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For Your Marriage

Josh and Stacey Noem have been married for almost 20 years and have three children in middle school and high school. They blog about parenting and their adventures as a family.

Strengths and Chuckles

After 11 years of married life, it isn’t hard to find situations where our personalities and gifts do not match up well. Moving, for example. Or me driving and Stacey giving directions, for a variety of reasons.

There are many other ways in which our personalities work really well together. On a recent trip, Stacey’s gifts as a planner once again balanced out my deficiencies in foresight.

Her planning gifts truly shine when it comes time to pack up our family of five for a trip. In an instant, she can see the logistics necessary to carry out any number of plans, as well as any contingencies that could conceivably arise. I can’t count the times when we’ve been away from home, and some odd situation has come up with the kids, and she reaches in a bag and pulls out exactly, precisely what is needed.

Me, I’m lucky if I packed enough underwear to last the trip. Not to mention what the kids might need!

I am an internal processor—I pull out various clothing combinations and sit and mull them over to see if they seem to match up right for the circumstances and weather I’ll likely face. Stacey makes these decisions and carries them out in an instant. She can decide and find and organize clothes for herself and three children quicker than it takes me to pack things for myself alone. She is a marvel to me.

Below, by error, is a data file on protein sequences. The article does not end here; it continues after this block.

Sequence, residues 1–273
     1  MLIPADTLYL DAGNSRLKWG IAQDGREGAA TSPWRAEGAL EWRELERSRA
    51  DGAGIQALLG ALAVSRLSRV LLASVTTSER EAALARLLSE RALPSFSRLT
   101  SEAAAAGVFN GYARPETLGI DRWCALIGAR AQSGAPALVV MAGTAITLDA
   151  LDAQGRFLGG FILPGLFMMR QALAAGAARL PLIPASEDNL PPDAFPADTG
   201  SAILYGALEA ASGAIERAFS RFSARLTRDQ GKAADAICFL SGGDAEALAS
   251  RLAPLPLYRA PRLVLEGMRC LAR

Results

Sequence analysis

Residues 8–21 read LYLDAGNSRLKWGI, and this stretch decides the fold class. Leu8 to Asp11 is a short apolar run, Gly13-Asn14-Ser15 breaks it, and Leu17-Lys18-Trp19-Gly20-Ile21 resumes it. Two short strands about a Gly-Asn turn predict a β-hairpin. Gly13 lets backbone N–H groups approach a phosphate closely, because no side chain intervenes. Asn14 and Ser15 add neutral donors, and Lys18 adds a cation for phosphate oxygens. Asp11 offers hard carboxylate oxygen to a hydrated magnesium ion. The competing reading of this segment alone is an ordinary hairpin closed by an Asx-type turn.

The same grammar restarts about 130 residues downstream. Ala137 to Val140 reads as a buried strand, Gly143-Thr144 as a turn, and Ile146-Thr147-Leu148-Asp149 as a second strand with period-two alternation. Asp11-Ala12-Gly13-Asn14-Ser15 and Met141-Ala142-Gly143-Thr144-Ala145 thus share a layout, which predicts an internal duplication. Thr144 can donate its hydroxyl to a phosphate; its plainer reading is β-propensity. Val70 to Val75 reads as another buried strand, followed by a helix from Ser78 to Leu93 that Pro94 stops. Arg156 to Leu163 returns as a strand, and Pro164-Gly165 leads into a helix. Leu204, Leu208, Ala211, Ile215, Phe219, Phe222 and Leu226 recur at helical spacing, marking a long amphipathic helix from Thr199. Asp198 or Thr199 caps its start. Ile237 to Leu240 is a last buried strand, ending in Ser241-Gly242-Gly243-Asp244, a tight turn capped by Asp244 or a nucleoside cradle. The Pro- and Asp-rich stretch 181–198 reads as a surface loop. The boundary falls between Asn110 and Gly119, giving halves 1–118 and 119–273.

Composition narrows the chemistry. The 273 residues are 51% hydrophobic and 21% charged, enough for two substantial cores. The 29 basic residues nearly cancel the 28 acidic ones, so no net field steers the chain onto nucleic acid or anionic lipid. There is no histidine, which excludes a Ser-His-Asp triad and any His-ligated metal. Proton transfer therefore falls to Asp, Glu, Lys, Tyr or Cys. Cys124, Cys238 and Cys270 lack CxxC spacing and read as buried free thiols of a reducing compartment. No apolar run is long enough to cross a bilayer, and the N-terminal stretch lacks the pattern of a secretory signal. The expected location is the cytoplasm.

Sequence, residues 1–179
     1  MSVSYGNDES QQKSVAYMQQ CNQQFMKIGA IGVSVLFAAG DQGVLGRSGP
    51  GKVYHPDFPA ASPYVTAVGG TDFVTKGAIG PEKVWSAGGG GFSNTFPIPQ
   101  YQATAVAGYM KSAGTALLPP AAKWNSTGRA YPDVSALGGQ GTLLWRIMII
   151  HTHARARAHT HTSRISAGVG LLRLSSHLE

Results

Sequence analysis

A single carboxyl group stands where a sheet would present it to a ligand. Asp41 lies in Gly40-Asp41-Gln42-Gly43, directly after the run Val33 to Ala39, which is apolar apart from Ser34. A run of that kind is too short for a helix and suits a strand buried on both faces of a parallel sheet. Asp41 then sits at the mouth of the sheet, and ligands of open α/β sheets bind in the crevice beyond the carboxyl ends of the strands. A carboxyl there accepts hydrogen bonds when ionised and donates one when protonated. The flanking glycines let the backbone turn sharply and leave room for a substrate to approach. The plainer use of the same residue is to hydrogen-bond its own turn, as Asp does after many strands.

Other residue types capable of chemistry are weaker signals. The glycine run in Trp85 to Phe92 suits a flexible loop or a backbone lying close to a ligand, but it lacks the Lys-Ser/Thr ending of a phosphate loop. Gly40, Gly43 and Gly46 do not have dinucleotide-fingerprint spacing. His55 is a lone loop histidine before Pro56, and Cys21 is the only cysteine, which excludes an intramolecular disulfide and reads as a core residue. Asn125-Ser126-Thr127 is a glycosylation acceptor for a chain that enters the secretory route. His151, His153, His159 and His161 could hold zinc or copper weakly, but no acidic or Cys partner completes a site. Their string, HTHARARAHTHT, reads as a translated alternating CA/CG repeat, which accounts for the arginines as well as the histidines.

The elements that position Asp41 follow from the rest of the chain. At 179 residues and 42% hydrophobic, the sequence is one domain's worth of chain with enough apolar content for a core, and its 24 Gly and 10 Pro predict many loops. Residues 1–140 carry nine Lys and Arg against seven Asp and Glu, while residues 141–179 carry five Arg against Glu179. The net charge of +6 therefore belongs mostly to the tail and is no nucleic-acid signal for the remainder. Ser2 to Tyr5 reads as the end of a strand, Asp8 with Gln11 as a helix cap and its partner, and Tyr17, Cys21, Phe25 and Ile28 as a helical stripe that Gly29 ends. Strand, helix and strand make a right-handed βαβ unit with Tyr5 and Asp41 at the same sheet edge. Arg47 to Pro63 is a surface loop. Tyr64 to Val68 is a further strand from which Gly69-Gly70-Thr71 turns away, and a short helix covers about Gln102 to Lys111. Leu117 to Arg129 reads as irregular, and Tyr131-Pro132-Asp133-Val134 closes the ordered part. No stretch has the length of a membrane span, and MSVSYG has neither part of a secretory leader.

I think one of the great gifts of marriage is the ways that our gifts complement one another and our strengths carry each other’s weaknesses. I find it a wonderful surprise that Stacey is not only gifted in a certain area where I am weak, but actually enjoys doing some of the things I would dislike and do poorly.

So, my job is to unpack, which is easy and fun for me. No decisions to make—just put things away. Kind of like doing a puzzle—I pull everything out of the bags and sort it all out. I think unpacking would stress Stacey out; I think she feels burdened by everything being out of place. She appreciates being able to just bring the bags in the house and know that I’ll take care of things.

Are there times when our strengths and weaknesses work against each other? Absolutely. The same strengths Stacey has in planning and structure turn into pressure points when it comes time for a quick decision. Often, I need more space and time to think and communicate. In general, though, we’re getting better at playing to our strengths when we can and working on giving each other what we need otherwise.

Being able to chuckle at each other’s personality helps, too. Stacey is amused when I’m confronted with what seems to her to be a simple, easy decision and I agonize over it, digesting and mulling. She sits back and pokes fun at me. To her, I’m sure I look like a turtle on its back.

By the same token, I’ll chuckle at her for making an instinctive judgment about how a situation should play out when all of the factors haven’t really emerged. I feel vindicated in my mulling when pieces fall together in their own time, but it drives her nuts.

We’ve learned to rely on each other when we can, and I’m grateful we know each other well enough that can laugh at ourselves together.